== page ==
Eat meat and ignore the science – outdated advice endangers health and the environment

| 17 May 2023
minute reading time


Vegans are being warned that meat alternatives do not contain the essential nutrients found in meat and so cannot be used to replace it, according to some recent news stories. The report on which they are based is the latest from the Food and Agriculture Organisation (FAO) of the United Nations but seems completely out of step with previous reports from them (FAO, 2023). It is part-funded by the International Livestock Research Institute, with a scientific advisory committee reading like a who’s who in animal agriculture research. The report is a ‘narrative review’, which could be argued is more of an opinion piece and considers various aspects of diet including nutritional intakes, disease risks, public health issues and touches on environmental issues. Although they looked at over 500 studies, their focus supports a pro-meat agenda, with little or no attention given to the huge body of evidence supporting plant-based diets – for human health and environmental benefits. It’s not a balanced view by any means and should not be taken as such.


Misleading messages on nutrients

The FAO report describes one study comparing nutrient intakes in people eating plant-based meat alternatives compared to meat and says that those eating the substitutes fell short on vitamin B12, zinc, calcium, potassium and magnesium (Tso and Forde, 2021). They did not say how this study also found that a traditional vegan diet, high in pulses, nuts, seeds and wholegrains, was the highest for iron and fibre and higher in potassium and magnesium than the meat diet. Selecting only the evidence that suits your agenda is called cherry-picking.


Getting the balance right

Many studies show that vegans tend to have higher intakes of polyunsaturated (healthy) fatty acids, fibre, vitamins C and E, folate and some minerals while meat-eaters tend to have higher intakes of protein and some other vitamins and minerals, they also tend to have the highest intake of unhealthy saturated fat which contributes to their higher risk of disease. A well-planned vegan diet, with a reliable source of vitamins B12 and D, can provide all the nutrients you need while lowering the risk of all the major killer diseases. Read what major health bodies around the world say here.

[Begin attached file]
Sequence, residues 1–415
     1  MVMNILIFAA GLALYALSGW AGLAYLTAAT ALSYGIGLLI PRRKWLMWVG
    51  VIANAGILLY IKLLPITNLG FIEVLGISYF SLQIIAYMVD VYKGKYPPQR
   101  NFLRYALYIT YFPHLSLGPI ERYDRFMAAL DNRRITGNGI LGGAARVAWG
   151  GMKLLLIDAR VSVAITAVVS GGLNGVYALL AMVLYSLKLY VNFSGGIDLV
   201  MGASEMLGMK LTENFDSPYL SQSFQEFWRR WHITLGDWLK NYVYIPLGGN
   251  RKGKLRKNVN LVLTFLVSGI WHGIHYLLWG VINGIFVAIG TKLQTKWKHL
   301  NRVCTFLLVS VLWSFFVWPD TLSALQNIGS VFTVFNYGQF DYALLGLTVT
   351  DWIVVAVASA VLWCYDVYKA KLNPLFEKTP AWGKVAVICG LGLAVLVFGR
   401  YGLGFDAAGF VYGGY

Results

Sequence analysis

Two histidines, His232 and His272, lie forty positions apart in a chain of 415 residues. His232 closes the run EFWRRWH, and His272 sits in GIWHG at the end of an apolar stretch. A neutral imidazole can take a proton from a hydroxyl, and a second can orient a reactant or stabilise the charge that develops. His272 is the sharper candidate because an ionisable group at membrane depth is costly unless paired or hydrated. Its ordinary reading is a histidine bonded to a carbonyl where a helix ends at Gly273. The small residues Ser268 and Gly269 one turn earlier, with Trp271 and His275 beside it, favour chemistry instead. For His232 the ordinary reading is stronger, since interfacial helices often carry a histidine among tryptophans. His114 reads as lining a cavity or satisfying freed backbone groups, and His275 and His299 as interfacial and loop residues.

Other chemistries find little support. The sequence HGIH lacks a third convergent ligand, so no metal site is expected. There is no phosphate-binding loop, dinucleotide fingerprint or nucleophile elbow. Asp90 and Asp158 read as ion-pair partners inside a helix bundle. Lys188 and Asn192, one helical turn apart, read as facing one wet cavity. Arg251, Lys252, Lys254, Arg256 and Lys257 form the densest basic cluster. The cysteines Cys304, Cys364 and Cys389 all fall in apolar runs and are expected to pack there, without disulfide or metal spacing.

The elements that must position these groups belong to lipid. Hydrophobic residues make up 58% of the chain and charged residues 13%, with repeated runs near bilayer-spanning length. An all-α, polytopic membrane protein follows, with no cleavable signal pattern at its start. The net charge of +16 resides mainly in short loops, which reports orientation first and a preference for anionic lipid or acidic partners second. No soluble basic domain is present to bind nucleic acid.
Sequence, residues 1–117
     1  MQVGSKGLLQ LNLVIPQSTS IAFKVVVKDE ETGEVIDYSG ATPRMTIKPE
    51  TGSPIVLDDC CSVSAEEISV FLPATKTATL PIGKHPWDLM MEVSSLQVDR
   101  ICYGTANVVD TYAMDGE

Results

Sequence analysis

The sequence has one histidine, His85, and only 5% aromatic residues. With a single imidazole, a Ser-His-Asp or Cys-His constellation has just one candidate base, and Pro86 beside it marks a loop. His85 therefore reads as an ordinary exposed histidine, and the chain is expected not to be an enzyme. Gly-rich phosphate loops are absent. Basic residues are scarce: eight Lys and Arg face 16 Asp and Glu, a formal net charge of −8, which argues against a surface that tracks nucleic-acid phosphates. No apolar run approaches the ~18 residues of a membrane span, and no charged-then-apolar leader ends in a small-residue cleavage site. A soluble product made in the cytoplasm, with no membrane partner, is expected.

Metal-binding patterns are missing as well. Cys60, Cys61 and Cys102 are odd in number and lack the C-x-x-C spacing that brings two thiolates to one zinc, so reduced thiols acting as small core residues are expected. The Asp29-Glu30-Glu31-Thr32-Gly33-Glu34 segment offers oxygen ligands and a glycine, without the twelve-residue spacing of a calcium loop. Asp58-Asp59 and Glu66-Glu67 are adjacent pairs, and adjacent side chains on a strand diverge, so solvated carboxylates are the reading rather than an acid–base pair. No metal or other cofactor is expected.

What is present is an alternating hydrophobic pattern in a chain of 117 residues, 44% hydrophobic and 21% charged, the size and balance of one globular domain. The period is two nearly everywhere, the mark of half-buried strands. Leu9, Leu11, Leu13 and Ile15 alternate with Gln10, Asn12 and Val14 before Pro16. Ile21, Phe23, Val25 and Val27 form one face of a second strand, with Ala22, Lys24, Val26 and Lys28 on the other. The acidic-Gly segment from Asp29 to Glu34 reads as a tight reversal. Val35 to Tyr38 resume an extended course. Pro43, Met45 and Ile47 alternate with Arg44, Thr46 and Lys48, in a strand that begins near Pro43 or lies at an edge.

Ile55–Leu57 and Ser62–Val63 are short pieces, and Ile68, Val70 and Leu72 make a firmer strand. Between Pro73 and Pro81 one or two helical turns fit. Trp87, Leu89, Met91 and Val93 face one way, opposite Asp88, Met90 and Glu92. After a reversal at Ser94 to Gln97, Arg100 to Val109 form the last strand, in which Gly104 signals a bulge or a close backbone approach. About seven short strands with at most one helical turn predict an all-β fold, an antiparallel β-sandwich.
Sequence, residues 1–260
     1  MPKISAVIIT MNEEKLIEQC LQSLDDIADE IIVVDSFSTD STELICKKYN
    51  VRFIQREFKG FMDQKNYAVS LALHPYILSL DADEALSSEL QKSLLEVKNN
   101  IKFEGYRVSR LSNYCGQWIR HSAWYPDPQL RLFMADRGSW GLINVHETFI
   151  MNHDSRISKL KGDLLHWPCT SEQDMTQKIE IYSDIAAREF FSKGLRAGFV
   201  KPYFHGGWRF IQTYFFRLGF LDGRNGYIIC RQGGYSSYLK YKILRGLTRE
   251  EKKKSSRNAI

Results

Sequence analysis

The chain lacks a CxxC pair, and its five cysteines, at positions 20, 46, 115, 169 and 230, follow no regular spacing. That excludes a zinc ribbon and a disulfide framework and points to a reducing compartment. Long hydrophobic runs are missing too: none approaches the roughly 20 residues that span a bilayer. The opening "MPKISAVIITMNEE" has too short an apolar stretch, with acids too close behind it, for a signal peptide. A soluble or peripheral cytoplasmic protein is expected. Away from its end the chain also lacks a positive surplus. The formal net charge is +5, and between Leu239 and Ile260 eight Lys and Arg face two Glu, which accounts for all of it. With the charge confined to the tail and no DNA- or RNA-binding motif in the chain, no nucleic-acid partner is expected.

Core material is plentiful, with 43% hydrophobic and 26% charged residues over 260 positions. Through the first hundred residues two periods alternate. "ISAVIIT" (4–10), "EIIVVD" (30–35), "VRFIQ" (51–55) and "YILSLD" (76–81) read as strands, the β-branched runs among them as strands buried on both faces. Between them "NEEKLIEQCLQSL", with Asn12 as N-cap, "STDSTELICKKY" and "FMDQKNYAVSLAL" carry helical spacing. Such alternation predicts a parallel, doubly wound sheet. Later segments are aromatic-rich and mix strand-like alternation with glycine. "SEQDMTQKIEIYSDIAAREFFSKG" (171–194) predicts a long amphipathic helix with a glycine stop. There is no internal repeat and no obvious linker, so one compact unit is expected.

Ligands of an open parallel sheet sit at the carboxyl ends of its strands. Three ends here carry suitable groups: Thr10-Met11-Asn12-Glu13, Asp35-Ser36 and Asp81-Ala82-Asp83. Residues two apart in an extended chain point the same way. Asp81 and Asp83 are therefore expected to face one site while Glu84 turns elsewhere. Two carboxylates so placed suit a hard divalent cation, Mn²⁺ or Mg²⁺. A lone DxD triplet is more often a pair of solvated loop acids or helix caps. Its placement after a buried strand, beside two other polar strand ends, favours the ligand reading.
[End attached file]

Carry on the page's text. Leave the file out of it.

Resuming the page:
Ironing out the facts

The FAO report says there is compelling evidence that a meat intake of 85 to 300 grams a day can protect adults against iron deficiency. But if you currently eat more than 90 grams of red or processed meat a day, the UK Department of Health and Social Care advises you to cut down to 70 grams due to the increased risk of bowel cancer. Encouraging high meat consumption is irresponsible and research shows, you don’t need meat for iron; one of the largest studies ever conducted on vegetarians and vegans, the European Prospective Investigation into Cancer and Nutrition (EPIC) Oxford study, compared the diets of over 18,000 meat-eaters, 4,500 fish-eaters, 6,600 vegetarians and 800 vegans and found vegans had the highest intake of iron and meat-eaters, the lowest (Sobiecki et al. 2016).


Questioning processed meat as a cause of cancer

The links between meat and cancer are described but somewhat downplayed in parts of the FAO report with comments such as: “High intake of red and processed meat and of animal saturated fats may induce deleterious effects.” That’s the first time we’ve heard cancer being called a “deleterious effect”.
They describe how in 2015, the International Agency for Research on Cancer (a specialised agency of the World Health Organisation or WHO) classified the consumption of red meat as “probably carcinogenic to humans” and processed meat as “carcinogenic to humans”. The latter is classed as a Group 1 carcinogen (WHO, 2015). The FAO report says: “Subsequent analyses have questioned the validity of these conclusions” showing a reckless disregard for the strength of evidence linking meat and cancer – especially processed meats such as sausages, bacon, salami, chicken nuggets and sliced lunch meats or cold cuts. This link is internationally recognised by all major health organisations including the World Cancer Research Fund (WCRF), Cancer Research UK, The American Institute for Cancer Research, the European Food Safety Authority (EFSA) etc. Those questioning the link tend to be representatives of the meat industry.


Double standards

Cultured meats offer the opportunity of meat production without the devastating environmental impacts of livestock farming. However, the report suggests nutrient uptake from growth medium may be inefficient, which is a bit rich given the staggeringly inefficient rate of conversion of animal feed crops into meat and dairy foods. For example, producing one kilogram of beef requires 25 kilograms of feed crops – with only 3.8 per cent of the protein content and 1.9 per cent of the calories of the feed crops converted to beef (Harwatt et al. 2022).